AEDE Associate Professor Cameron Thraen
and AEDE PhD student John Newton were recently mentioned on the dairy industry website Hoard’s Dairyman, in the August 28, 2012 article “LGM-Dairy contracts available Friday
” for their participation in national dairy industry conversation related to Livestock Gross Margin (LGM-Dairy) insurance for dairy cattle. The LGM-Dairy insurance program, overseen by the USDA’s Risk Management Agency, has generated much discussion in relation to the farm bill and the availability and approval of funding for this risk insurance program. Last week, on Friday, August 31, 2012, the USDA released approximately $2.5 million as part of the 2012 insurance program. Since the federal government’s fiscal year runs from October 1 to September 30, the amount released on Friday is expected to be the last allotment for the 2012 fiscal year.
Data from AEDE PhD student John Newton’s presentation at the 19th Annual National Workshop for Dairy Economists and Policy Analysts in Salt Lake City, Utah, which both Newton and AEDE Associate Professor Cameron Thraen presented findings at in May 2012.As noted in the Hoard’s Dairyman article, LGM-Dairy insurance remains a controversial topic of conversation in the dairy world, “There has been much discussion in the past year about the LGM program for dairy… One point of controversy has been the government subsidy of LGM-Dairy. Once the government funding ran out (as it almost did in just two months this year), no more LGM-Dairy may be licensed.” LGM-Dairy was announced by the USDA as a program in June 2008 and is available for insurance related to swine or cattle. As noted on the USDA website, “the insurance policy uses futures prices and state basis for corn and milk to determine expected and actual gross margin, and may be tailored to any size farming operation.”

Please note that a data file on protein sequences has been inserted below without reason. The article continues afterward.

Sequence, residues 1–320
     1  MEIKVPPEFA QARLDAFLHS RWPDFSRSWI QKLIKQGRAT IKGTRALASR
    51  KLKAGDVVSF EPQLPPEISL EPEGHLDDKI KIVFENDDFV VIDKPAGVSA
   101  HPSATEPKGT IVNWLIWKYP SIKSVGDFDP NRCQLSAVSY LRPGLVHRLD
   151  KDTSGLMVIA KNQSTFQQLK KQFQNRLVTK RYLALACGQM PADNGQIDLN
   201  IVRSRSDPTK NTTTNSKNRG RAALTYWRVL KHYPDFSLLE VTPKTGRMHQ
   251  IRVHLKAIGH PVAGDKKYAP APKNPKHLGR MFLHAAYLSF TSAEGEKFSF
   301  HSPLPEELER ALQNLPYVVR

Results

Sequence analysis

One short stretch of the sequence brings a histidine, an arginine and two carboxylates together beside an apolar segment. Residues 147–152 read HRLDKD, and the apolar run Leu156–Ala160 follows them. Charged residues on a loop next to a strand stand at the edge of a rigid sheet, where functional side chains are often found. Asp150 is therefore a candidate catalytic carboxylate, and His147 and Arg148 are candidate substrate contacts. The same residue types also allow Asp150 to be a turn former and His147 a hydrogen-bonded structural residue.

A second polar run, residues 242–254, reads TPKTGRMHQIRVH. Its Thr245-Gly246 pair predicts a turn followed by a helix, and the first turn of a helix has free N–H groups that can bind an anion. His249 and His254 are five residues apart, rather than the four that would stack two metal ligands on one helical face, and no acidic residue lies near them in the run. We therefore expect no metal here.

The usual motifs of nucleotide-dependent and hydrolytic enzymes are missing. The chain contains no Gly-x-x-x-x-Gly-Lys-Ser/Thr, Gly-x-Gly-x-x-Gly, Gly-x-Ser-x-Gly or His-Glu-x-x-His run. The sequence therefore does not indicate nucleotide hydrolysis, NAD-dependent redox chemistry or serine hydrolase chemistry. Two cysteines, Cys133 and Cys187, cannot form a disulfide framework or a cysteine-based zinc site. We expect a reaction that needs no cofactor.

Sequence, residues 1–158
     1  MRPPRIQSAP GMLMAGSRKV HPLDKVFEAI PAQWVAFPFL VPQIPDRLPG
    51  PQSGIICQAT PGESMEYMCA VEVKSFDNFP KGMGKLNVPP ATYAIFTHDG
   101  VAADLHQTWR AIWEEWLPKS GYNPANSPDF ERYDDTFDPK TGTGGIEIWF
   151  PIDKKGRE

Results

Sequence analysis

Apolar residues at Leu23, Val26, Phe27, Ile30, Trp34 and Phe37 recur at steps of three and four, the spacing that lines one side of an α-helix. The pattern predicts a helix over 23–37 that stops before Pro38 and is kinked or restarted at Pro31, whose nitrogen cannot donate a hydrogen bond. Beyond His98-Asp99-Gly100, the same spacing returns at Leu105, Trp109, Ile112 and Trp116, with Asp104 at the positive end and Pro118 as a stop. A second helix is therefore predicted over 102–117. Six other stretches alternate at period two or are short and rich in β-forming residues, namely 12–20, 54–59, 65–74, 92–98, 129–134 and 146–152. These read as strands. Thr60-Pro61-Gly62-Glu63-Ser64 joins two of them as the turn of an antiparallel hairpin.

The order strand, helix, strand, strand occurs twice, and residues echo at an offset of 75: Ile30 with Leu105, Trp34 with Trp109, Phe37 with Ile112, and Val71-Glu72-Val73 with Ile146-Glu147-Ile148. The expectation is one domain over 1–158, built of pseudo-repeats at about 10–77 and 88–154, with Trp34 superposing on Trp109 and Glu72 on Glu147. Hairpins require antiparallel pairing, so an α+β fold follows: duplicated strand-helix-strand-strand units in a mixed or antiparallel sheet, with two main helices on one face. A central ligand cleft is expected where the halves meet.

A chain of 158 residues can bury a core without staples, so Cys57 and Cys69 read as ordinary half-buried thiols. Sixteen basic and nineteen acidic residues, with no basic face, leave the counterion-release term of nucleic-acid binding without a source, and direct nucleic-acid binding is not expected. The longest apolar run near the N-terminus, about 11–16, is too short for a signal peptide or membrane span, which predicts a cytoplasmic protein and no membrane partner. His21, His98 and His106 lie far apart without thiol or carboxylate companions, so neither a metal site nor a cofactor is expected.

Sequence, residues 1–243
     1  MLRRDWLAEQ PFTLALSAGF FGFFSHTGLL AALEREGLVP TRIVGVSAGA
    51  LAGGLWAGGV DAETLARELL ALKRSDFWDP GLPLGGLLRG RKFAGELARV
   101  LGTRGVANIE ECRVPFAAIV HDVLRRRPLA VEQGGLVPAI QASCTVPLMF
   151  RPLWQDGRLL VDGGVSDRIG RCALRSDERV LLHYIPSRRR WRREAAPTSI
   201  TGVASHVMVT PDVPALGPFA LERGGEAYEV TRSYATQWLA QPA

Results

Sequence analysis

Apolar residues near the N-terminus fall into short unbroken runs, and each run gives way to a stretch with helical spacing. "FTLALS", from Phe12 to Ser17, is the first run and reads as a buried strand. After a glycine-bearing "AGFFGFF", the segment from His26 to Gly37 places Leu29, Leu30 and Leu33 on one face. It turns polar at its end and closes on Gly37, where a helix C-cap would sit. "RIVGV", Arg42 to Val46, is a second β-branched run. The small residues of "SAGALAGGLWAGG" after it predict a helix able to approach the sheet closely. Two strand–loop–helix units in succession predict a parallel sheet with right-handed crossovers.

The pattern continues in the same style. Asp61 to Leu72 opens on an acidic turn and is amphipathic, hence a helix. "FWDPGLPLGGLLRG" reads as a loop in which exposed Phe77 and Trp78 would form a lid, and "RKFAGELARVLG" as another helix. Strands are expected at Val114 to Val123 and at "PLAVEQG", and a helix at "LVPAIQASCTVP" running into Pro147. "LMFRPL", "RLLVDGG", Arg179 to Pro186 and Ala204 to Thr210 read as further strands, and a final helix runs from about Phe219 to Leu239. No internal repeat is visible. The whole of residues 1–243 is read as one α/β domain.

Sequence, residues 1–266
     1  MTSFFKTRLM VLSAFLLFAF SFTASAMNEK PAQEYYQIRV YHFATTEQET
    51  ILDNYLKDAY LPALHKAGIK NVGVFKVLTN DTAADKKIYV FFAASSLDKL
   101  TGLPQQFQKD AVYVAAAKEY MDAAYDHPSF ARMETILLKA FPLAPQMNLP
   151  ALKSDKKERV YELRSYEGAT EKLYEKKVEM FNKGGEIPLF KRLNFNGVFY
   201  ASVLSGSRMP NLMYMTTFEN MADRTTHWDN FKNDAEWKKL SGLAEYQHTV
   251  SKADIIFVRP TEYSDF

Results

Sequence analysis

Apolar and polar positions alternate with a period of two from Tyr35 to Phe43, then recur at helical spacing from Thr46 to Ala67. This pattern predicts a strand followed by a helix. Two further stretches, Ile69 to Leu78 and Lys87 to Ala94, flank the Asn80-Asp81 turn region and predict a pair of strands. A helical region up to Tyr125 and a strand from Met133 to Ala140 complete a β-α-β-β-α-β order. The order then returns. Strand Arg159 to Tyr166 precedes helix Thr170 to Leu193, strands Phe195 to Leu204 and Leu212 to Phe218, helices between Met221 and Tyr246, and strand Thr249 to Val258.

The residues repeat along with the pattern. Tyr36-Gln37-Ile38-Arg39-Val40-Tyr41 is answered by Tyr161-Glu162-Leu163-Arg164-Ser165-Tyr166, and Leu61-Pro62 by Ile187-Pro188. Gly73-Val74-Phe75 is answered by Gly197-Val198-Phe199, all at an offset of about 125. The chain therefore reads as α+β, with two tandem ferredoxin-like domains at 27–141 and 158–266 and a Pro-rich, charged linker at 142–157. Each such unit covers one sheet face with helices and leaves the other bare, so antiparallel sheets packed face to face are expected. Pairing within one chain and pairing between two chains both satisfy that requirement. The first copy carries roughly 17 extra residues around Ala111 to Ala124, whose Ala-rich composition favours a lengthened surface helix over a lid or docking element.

Thraen and Newton were recognized in the Hoard’s Dairyman article for their extensive contributions to the topic of the viability of LGM-Dairy insurance, in particular their thorough analysis of the potential benefits and shortfalls of LGM-Dairy coverage. In May 2012, Thraen and Newton gave presentations at the 19th Annual National Workshop for Dairy Economists and Policy Analysts
in Salt Lake City, Utah. Based on the research of an LGM-Dairy Research team composed of Thraen, Newton and colleagues from the University of Minnesota and the University of Wisconsin, at the annual meeting in May, Thraen noted in his workshop presentation some important points regarding LGM-Dairy insurance policy: “With appropriate adjustments to rating methods and the employment of smart insurance policy strategy, LGM can serve as an actuarially fair and effective financial disaster insurance tool; use of LGM requires careful consideration of the firm’s financial structure and risk management goals; and critical further research is needed on tail dependence between milk and feed markets… additional research is also needed on the impact of volatility measures and the term structure of premiums.”
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September 4, 2012